Andrew Johnson was impeached in 1868 because he decided to dismiss Edwin M. Stanton (a radical Republican) and appoint Ulysses S. Grant in his place as secretary of war.

Why Such A Big Fuss About a Dismissal?

President Johnson had a Reconstruction program that was very lenient toward the defeated South in rejoining the Union. The Radical Republicans in Congress were not happy with this and passed the “Tenure of Office Act” in March 1867, over the president’s veto. This Act was designed to protect radical members from dismissal and specified that the president was not allowed to remove officials that were confirmed by the Senate, without the Senate’s approval. President Johnson felt that this Act was unconstitutional and wanted to test its constitutionality by taking it to court. The U.S. Supreme Court however refused to rule on this case and the House of Representatives initiated impeachment proceedings against him instead.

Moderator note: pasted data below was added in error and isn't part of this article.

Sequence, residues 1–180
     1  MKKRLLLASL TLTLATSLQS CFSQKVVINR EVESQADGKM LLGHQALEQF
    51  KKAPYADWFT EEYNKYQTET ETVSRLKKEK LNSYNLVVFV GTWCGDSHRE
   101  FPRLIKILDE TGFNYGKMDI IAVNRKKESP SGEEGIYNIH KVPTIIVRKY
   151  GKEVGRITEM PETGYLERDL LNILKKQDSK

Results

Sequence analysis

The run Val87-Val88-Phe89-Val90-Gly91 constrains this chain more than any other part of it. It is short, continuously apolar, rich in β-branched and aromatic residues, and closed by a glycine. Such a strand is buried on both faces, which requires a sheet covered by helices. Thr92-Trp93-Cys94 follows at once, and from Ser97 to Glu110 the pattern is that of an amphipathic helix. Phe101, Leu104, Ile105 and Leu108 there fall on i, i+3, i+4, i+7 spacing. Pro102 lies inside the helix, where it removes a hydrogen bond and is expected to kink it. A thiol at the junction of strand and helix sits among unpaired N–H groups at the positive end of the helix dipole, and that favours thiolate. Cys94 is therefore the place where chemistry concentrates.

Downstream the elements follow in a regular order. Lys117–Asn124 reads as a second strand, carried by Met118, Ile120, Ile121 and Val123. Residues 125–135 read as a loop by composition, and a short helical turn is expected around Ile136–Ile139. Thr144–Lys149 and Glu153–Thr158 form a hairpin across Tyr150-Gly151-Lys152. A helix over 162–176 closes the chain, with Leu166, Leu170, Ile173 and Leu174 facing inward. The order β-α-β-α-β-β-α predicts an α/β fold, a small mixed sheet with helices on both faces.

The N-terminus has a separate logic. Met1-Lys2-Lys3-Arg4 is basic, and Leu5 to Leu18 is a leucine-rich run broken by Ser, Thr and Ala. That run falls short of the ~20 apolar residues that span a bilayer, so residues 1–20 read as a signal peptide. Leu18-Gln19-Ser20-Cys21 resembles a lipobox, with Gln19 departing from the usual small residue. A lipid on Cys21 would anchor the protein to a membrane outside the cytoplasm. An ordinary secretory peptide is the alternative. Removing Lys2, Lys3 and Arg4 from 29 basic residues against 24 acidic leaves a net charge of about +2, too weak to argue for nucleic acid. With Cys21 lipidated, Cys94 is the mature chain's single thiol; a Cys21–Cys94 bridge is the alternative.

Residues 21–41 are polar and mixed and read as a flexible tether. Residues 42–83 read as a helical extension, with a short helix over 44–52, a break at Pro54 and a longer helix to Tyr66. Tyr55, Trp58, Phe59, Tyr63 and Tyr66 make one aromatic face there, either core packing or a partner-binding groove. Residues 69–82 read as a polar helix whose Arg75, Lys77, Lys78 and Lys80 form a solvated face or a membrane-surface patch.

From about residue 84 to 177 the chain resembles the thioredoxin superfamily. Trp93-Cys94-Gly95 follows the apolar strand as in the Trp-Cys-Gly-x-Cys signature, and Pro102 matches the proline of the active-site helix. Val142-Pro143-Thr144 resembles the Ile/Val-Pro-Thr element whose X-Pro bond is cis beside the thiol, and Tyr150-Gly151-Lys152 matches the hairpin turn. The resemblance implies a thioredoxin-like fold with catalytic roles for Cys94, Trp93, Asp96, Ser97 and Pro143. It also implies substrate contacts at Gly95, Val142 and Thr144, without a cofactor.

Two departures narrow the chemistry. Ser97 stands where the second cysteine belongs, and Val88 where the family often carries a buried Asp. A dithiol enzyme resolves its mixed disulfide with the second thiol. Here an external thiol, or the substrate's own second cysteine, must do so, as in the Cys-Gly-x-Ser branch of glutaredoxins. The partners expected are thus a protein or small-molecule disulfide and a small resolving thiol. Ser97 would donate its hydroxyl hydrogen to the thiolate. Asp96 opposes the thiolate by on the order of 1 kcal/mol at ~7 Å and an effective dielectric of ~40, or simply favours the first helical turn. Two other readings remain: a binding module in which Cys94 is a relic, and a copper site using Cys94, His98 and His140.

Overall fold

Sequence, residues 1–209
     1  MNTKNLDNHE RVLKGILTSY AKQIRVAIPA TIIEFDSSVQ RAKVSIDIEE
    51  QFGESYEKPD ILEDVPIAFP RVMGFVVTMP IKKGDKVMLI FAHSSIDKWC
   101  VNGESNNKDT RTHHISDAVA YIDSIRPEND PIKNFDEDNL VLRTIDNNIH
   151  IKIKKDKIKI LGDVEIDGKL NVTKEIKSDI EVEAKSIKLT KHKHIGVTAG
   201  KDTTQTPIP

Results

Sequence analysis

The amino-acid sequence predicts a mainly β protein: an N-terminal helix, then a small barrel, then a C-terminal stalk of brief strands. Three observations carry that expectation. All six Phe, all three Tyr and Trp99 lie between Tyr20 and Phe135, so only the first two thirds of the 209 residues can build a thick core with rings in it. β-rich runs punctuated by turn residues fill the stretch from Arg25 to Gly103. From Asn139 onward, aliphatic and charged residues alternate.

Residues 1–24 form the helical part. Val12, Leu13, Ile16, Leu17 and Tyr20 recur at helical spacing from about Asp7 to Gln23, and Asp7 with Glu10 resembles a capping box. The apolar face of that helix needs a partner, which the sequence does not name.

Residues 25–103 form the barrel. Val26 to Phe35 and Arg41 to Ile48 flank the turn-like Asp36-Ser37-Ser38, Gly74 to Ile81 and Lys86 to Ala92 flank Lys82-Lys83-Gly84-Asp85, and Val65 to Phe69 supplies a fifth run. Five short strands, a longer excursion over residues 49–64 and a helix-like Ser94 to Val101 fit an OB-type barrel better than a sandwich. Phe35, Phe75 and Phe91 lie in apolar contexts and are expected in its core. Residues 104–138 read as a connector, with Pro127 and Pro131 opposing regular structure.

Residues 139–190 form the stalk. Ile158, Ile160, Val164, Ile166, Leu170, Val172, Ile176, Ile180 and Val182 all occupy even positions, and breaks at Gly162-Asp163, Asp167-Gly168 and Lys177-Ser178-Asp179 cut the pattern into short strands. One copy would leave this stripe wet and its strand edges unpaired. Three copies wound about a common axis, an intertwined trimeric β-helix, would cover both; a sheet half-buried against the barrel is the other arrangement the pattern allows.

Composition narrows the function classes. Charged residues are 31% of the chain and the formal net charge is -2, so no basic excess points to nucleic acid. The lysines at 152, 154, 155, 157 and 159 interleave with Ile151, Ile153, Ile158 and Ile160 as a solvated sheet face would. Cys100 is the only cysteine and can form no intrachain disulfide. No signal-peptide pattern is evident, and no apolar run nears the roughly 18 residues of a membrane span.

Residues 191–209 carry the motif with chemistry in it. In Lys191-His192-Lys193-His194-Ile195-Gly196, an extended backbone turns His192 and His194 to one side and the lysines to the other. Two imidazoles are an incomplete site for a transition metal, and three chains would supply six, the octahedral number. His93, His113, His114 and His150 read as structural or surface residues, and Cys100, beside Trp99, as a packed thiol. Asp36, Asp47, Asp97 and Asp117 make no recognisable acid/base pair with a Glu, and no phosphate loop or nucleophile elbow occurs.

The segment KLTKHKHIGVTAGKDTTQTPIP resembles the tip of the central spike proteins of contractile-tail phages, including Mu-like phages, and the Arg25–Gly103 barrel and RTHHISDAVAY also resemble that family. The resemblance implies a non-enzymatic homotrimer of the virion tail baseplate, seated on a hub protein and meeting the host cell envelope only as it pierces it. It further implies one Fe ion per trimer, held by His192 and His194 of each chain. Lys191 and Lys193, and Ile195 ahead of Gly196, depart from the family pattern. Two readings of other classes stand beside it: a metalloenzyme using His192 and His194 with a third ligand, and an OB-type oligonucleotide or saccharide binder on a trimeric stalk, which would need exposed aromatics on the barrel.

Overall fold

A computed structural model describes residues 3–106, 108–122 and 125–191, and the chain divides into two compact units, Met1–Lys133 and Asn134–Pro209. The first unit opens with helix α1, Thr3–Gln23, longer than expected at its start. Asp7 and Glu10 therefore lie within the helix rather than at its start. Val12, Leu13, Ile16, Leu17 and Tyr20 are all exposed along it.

President Andrew Johnson was in the end acquitted, but only by one vote as the Senate voted 19 not guilty, 35 guilty, which meant they didn’t have the two-thirds majority necessary to convict him. Decades later, during a 1926 case, the Supreme Court confirmed that the Tenure of Office Act was not valid.

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